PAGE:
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Success tip: Attend events effectively

Every event is an opportunity to advance your career by promoting yourself and by expanding your network


Posted 18 July 2021

Nobody plans to stagnate in their career. However, many do, often because they never learn the basics of career development.

Almost all people attend “events”, which I use to cover lectures, seminars, and meetings, whether physical or electronic.

Many forget that there are two reasons for attending events, not just one.

  1. The obvious reason is that you may learn something, or with work meetings attendance may simply be compulsory.
  2. Many do not realise that every event is an opportunity to advance your career by promoting yourself and by expanding your network.

Achieving objective (B) above requires specific behaviours. Many of these do not come naturally.

Obviously, if you are unaware of objective (B), you will not even think about the required behaviours.

Some behaviours that will help you to succeed

The following pieces of advice are based upon long experience. I did not do all of them when I was young; I learned along the way.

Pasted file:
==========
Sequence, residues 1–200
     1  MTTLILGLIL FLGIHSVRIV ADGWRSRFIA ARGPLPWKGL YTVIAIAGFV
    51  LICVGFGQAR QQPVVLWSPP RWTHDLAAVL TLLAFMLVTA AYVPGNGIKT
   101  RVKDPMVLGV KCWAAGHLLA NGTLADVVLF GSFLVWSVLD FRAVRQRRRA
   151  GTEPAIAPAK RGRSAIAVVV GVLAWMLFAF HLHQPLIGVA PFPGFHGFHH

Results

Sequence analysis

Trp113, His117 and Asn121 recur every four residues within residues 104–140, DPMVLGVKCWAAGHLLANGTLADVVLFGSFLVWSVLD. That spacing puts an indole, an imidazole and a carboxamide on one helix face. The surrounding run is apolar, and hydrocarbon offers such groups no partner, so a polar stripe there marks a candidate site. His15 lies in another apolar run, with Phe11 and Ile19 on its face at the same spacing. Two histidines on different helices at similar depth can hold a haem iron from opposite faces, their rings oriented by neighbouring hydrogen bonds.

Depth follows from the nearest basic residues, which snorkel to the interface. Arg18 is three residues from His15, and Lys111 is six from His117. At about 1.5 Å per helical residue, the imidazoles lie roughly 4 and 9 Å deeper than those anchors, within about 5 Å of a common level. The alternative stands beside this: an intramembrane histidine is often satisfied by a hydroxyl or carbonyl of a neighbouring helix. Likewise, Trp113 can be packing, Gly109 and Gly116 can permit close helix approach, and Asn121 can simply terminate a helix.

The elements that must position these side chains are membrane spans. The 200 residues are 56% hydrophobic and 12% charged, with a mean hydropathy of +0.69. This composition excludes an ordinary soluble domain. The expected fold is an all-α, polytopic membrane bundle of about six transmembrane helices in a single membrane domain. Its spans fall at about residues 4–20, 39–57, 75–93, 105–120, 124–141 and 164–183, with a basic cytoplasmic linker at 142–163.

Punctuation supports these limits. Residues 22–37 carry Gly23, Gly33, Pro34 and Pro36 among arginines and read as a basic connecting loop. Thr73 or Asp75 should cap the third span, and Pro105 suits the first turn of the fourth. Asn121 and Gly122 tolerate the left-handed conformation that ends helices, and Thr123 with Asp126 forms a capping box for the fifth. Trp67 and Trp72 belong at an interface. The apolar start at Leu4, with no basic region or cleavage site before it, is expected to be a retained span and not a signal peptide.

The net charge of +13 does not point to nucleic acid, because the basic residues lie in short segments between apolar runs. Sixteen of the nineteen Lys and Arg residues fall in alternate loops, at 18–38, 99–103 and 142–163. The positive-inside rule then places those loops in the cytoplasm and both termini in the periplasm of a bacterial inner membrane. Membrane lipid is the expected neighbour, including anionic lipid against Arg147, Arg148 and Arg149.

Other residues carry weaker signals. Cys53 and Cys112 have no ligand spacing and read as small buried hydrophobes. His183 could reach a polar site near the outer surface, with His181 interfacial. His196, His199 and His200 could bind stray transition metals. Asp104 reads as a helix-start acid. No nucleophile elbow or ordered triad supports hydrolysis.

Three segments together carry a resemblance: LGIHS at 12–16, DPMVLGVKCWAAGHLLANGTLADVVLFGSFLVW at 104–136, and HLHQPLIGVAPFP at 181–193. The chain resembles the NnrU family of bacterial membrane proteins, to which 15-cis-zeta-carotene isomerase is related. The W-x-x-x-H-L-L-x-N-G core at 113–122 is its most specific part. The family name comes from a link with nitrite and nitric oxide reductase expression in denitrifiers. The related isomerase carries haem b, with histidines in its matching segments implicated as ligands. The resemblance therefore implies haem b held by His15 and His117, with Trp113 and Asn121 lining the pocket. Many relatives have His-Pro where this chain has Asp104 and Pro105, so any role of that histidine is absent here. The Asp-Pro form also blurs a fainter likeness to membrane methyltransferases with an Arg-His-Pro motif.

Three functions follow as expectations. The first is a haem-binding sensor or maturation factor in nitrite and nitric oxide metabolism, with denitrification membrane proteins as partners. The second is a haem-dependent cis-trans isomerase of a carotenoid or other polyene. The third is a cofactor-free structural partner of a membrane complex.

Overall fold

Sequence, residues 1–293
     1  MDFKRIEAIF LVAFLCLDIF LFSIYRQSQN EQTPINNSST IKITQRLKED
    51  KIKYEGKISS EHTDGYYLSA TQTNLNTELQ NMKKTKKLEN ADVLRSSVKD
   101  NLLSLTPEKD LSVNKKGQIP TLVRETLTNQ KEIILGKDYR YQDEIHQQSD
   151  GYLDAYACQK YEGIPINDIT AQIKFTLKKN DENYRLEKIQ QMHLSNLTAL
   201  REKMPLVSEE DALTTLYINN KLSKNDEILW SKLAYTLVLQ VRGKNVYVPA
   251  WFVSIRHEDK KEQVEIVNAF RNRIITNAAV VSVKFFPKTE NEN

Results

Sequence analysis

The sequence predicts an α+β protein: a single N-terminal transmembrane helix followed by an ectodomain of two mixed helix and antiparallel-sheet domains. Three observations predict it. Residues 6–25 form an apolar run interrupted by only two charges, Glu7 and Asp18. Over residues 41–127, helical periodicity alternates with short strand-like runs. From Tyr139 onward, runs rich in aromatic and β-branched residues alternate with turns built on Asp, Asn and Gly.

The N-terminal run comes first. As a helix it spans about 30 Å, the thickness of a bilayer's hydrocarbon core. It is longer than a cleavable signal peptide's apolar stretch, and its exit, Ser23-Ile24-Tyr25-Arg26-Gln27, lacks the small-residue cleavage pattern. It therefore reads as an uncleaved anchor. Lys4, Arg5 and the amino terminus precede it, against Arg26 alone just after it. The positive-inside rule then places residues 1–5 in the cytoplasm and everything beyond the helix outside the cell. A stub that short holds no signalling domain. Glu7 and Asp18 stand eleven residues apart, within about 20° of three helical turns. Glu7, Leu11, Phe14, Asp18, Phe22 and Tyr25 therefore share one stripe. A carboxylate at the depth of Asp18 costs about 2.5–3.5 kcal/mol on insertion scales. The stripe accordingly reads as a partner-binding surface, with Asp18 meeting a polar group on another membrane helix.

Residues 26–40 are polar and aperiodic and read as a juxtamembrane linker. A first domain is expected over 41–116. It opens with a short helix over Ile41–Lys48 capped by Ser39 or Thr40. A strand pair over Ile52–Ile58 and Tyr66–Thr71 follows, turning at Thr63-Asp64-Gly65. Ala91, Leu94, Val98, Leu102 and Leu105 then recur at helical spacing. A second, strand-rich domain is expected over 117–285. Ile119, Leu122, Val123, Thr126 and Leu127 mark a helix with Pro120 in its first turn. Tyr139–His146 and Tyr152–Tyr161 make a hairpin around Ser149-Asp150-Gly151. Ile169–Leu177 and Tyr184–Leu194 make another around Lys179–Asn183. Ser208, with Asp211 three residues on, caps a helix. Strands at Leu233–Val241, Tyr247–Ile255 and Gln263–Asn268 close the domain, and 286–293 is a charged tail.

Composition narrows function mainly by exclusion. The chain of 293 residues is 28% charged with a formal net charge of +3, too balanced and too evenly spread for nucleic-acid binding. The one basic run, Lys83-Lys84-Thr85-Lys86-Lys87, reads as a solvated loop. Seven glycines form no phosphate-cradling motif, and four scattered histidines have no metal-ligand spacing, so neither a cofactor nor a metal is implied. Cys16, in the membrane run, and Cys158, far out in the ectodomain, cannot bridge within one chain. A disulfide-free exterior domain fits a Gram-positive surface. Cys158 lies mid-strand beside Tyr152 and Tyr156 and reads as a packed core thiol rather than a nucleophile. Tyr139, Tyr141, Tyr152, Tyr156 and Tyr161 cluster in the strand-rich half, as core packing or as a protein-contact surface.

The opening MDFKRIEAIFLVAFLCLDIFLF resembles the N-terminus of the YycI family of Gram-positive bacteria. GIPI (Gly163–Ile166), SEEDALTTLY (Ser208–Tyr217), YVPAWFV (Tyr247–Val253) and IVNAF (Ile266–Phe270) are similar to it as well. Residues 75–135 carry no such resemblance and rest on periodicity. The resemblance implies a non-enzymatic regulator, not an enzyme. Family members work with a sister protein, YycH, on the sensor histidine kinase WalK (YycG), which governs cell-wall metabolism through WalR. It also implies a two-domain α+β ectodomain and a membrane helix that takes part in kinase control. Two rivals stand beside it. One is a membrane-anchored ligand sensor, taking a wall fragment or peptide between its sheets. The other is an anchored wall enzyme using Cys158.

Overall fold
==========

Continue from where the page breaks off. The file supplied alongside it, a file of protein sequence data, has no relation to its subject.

Arrive early

Always arrive between 30 and 15 minutes before the event starting time. If the event is preceded by an arrival period for tea and coffee, arrive 15 minutes before that arrival period starts.

Arriving early enables the following:

Sit on the very front row, as close to the speakers as possible

It always dismays me how auditoria always fill up from the back.

The first time at school when we could choose where to sit was when I entered the sixth form. From that time onwards, whenever I have a choice, I always sit at the front .

I started sitting at the front in the sixth form because my eyesight had deteriorated while I didn’t realise that I needed glasses. Accordingly, it was the only place where I could read the board properly!

However, even after I started wearing glasses and could see from anywhere, I continued to sit at the front because I had learned:

Where to sit for a meeting around a boardroom table

These are the seating positions where you have the best opportunity to catch the chairman’s eye when you want to speak. Sitting in these positions also demonstrates your self-confidence and assertiveness.

Introduce yourself to the person on your left and the person on your right

After sitting down and before the presentation starts, introduce yourself to both the person on your left and the person on your right. Have a short conversation with each of them.

Later on, when the event is about to finish, tell each of them how much you enjoyed meeting them and swap business cards.

Ask the first question

When the formal presentations finish, there is almost always a segment for audience questions. Usually there is a minute or so of silence while people think of questions to ask.

You must compose a question in your head while the speaker is still presenting. As soon as the event chairman asks for questions, your right arm should shoot up straight so that it you cannot be overlooked.